Carlsberg is launching a social video campaign in which its UK staff from various departments read out cruel and colourful things Twitter users have said about its eponymous lager.
Created by Fold7, the short films are part of the relaunch campaign for the newly named Carlsberg Danish Pilsner, which received a recipe upgrade and visual redesign last month.
They feature staff from the brewery team, quality control, HR, sales and other functions from Carlsberg’s site in Northampton reading out cutting assessments such as "Carlsberg tastes like the rancid piss of Satan", "Carlsberg tastes like a bitter divorce" and "It’s like drinking the bath water your nan died in".
The original tweets started appearing in Twitter users’ timelines last week after Carlsberg paid to promote them, baffling many. The Carlsberg UK Twitter account has now begun engaging with users commenting on the tweets.
Speaking to Campaign, Carlsberg’s vice-president marketing, Liam Newton, and director of marketing, Lynsey Woods, said the tweets had elicited a wide range of responses, including from some people who assumed they had been the result of a failure of artificial intelligence.
Woods said it had surprised them that anyone thought "you could make a mistake on such a big scale. If we’re honest, we did not expect that."
But confusing users had the potential to boost the campaign’s impact by forcing them to engage, Newton said: "There’s so much wallpaper out there. If people are decoding it and thinking about it, that’s got to be a good thing."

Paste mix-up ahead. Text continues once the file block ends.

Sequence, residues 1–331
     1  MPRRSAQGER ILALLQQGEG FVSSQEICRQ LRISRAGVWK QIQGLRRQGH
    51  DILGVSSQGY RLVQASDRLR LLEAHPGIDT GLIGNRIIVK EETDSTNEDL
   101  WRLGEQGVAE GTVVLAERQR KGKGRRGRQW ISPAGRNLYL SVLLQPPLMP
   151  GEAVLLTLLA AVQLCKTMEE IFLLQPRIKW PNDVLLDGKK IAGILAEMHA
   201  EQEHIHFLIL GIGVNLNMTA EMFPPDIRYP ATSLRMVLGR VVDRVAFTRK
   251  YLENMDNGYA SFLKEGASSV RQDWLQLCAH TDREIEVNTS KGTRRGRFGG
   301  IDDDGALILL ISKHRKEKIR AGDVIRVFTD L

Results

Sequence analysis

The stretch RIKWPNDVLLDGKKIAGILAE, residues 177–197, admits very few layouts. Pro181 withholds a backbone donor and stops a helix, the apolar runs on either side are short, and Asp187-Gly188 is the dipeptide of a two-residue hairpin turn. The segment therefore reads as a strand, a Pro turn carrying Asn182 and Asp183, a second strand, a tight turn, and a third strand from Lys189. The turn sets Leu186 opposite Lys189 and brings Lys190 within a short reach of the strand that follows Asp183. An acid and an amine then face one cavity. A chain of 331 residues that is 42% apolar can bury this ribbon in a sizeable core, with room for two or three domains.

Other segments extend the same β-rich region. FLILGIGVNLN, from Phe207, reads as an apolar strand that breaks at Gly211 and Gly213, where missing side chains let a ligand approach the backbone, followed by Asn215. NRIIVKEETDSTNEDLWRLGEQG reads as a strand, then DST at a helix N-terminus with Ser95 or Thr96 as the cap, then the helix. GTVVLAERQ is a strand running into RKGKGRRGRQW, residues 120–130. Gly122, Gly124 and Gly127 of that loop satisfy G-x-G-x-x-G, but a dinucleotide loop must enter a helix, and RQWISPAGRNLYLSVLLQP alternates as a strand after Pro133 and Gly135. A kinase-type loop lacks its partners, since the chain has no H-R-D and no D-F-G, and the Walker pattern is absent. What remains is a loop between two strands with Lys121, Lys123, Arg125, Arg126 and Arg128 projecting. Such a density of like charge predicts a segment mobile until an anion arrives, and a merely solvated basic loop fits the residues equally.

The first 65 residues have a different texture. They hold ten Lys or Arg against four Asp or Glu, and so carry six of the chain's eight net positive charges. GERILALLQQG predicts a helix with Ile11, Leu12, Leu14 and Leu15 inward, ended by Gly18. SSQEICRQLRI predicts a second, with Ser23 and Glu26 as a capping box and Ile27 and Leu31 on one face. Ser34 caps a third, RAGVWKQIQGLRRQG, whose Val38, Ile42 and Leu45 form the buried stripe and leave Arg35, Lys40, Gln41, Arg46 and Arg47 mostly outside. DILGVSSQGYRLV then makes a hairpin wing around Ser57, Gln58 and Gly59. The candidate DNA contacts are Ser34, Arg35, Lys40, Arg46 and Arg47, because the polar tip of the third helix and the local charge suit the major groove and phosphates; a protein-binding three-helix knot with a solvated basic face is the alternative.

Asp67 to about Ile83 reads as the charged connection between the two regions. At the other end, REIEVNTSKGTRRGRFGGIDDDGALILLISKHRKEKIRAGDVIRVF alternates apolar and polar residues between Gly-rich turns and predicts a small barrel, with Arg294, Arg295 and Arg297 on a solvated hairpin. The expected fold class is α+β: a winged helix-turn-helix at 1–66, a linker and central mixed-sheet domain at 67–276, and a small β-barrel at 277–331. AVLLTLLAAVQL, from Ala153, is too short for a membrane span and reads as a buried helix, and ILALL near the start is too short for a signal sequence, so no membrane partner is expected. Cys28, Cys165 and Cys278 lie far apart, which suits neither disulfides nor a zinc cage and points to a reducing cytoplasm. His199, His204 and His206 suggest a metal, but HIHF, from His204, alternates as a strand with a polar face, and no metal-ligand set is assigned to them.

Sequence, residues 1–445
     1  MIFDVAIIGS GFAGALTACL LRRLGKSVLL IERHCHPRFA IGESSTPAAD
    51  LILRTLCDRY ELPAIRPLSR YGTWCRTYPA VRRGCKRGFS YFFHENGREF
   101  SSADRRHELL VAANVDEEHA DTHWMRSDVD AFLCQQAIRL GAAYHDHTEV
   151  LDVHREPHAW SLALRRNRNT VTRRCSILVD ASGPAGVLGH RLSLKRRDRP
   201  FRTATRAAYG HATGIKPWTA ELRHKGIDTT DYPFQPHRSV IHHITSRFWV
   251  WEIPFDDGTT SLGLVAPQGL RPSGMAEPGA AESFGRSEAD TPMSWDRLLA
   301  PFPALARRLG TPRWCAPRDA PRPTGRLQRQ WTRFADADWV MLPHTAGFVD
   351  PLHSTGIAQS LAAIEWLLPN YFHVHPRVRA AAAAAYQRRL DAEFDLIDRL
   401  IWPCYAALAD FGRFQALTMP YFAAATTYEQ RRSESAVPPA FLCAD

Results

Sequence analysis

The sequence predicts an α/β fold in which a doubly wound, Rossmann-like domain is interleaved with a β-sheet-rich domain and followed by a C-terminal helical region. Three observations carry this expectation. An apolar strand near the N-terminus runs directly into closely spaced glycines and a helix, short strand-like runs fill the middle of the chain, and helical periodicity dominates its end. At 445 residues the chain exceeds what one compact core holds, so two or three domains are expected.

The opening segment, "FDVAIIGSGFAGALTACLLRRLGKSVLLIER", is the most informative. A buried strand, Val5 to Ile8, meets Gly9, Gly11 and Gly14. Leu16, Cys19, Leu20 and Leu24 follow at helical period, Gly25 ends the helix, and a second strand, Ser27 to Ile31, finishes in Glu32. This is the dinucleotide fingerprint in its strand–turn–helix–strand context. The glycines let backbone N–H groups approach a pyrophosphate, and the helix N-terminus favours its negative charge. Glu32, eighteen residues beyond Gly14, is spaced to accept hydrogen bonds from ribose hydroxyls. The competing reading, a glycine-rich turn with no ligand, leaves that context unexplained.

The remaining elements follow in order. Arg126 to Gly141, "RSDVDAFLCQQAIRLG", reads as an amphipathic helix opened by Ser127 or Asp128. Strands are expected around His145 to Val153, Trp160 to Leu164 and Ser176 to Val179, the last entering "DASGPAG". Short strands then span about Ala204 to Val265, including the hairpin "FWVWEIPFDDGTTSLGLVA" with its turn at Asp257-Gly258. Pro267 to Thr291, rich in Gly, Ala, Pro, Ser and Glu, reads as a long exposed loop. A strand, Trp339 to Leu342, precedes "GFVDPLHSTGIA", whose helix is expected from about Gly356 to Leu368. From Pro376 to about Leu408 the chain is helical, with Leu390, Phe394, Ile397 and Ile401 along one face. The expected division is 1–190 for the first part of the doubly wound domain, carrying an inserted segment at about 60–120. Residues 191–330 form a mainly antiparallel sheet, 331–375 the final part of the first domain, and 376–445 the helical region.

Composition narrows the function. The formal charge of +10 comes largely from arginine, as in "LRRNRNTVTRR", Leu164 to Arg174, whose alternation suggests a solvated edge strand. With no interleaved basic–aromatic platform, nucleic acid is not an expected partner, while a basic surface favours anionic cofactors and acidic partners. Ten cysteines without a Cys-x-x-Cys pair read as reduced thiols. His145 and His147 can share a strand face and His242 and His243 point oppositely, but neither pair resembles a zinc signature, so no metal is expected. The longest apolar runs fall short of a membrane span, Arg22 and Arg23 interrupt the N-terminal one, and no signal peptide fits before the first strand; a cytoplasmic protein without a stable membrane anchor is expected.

The relaunch, Newton said, was responding to market conditions that had hurt Carlsberg’s sales in recent years, along with other "standard lagers", including Carling and Foster’s.
"People think all these standard lager brands are the same," he said. "They think they taste the same, act the same. It hasn’t moved on, while the world around it has." There are 1.6 million fewer people drinking these beers than five years ago – something that Newton called a "hell of a headwind" to face.
But he added that beer drinkers were increasingly looking for higher-quality but lower-alcohol options and that the brand’s history gave it the credibility to reposition itself as one that put the brewing process first. Carlsberg’s founder, JC Jacobsen, was a pioneer in bringing a scientific approach to brewing and in 1883 the brewery isolated the strain of yeast now used in most lager production.
"Everything we did was with the mentality of what would he [Jacobsen] do?" Woods said. "Why are we here, what’s our purpose?"
This thinking led to the prominent mission statement "pursuit of better beer" on the new packaging. The brand has also launched 330ml cans for the first time and introduced "snap packs", which use adhesive to hold the cans together, cutting plastic use by 50%.
Woods also pointed to "the fact that we’re calling out that we are a pilsner – we always have been, but we never really made that clear before".
The campaign will continue with a new TV spot starring Mads Mikkelsen, launching on 23 May. The new product will feature at Carlsberg’s festival activations, including Glastonbury and Live Nation events, after the brand focused on Carlsberg Export in recent years. Newton said there was also "a lot of clever geotargeting stuff" planned on mobile.
This article first appeared on PRWeek sister title Campaign